A noisy check: part one

This story begins from me wanting to be a good little sysadmin and make sure all our services are properly monitored.

Netdata is a rather handy tool for monitoring servers. It can draw pretty graphs of all kinds of metrics from the various services running on the machine and from the operating system itself. It can also be configured to send out alerts when one of the metrics has reached a certain threshold (eg. a disk is getting full, a service is suddenly using a lot of CPU, a web server is returning a suspiciously high number of 5xx responses, or a service is completely unresponsive).

A web server cluster I am responsible for was already being monitored with Netdata. It was tracking the database services, the nginx web servers and the haproxy loadbalancers, along with the usual plethora of operating system metrics. But I had noticed that one thing not being tracked was the PHP-FPM service, responsible for serving the PHP scripts used on the server. It’s good to get statistics for this service as it can be very helpful for performance tuning, and of course it’s also very useful to know if the service has died.

Netdata does have a PHP-FPM module, so all I needed to do was configure all parts correctly so that PHP-FPM was serving the relevant status page, nginx was forwarding the requests and allowing access to it, and Netdata had the correct address to get the statistics from. Not a problem at all; I set up the config, checked that we were now getting the pretty graphs and was satisfied with a job well done.

Of course the story doesn’t end there. That would be a very boring story. Not that this story is particularly exciting mind you, but you’ve read this far at least…

The noise

Not long after setting up the check, we started seeing alerts in our monitoring channel, letting us know that the PHP-FPM service was down. A minute or two later the service recovered and we got the alert telling us everything was fine again. This would happen typically several times per day, at seemingly random times. Sometimes it would affect all servers in the cluster at around the same time, other times it would just affect one of them.

It was odd really; although the services were being reported as down, we didn’t see any degradation in the service. It was apparently a phantom alert, serving no purpose other than to annoy us and potentially hide more important alerts within the noise, though perhaps there was a hidden underlying problem that they were triggering on?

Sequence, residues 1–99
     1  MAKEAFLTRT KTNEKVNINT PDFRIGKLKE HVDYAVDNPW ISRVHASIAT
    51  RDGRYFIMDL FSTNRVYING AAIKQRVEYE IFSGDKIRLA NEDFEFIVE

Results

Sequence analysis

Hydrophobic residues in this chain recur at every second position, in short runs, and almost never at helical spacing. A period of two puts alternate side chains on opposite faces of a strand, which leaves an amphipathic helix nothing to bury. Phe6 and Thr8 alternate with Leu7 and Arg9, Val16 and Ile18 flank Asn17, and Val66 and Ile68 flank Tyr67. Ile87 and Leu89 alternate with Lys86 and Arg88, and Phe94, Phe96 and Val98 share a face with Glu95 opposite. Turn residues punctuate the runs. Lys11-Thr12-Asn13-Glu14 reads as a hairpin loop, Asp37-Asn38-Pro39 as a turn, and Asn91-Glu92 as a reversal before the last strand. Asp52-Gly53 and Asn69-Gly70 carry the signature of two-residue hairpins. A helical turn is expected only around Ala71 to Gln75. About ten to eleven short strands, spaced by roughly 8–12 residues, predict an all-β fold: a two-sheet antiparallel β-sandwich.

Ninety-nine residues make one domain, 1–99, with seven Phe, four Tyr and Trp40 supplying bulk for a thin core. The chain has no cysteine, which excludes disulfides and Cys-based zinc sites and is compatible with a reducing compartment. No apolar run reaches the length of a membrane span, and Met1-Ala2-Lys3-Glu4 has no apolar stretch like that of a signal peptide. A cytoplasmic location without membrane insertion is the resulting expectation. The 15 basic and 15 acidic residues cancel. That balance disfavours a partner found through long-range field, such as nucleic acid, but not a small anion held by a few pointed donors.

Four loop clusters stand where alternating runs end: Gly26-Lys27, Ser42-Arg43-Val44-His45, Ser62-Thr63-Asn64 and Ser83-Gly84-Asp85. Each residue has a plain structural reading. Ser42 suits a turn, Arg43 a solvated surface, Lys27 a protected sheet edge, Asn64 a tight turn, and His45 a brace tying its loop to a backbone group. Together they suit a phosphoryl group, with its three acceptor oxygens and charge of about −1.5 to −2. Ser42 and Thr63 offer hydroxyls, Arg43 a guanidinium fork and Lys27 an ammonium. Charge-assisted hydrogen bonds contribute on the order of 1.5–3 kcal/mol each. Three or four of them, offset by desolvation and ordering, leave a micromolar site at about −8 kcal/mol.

Who to blame?

At first I wondered if the very frequent checks themselves were the problem. Maybe the service was being overwhelmed with requests. But that’s where the graphs come in. They show exactly how close the service is to reaching its limits, and they very clearly showed that it was not even close to full capacity.

Maybe Netdata was configured wrong and being too sensitive? Either not giving the service enough time to respond or alerting after only one failed check, or a combination of both of those things. But… this didn’t seem to be the case either. Certainly we could rule out the latter as we could see the gaps in the graph corresponding with the times the alerts were sent out, so it was definitely not able to record metrics during those times.

To test if the service was responding slowly (or not at all), I wrote a simple shell script to fetch from the same endpoint that Netdata was using and record the time taken for each request. I set it running and it showed that everything was apparently fine. I left it running until the next alert came along, and sure enough, my script noticed nothing wrong at all during this time.

I modified my script to save a copy of the response returned by the PHP-FPM service, just to see if it was returning an empty response, an error, or something else obviously wrong. Obviously this generated a lot of files, so I only ran it for a little while, but it seemed like the files it was getting were okay. Surely it had to be something wrong with Netdata itself?

One red herring

I checked the web server logs to see if anything was amiss. Nothing had showed up in the error logs, but looking into the access logs I could see the checks coming in from Netdata. One curious thing was that during the times that Netdata reported the service as down, the checks came in less frequently. Here’s a log excerpt:

{"ip": "127.0.0.1","host": "localhost","path": "/status?full&json","status": "200","referrer": "-","user_agent": "-","length": 50405,"generation_time_milli": 0.003,"date": "2020-12-14T12:55:41+00:00"}
{"ip": "127.0.0.1","host": "localhost","path": "/status?full&json","status": "200","referrer": "-","user_agent": "-","length": 50430,"generation_time_milli": 0.003,"date": "2020-12-14T12:55:42+00:00"}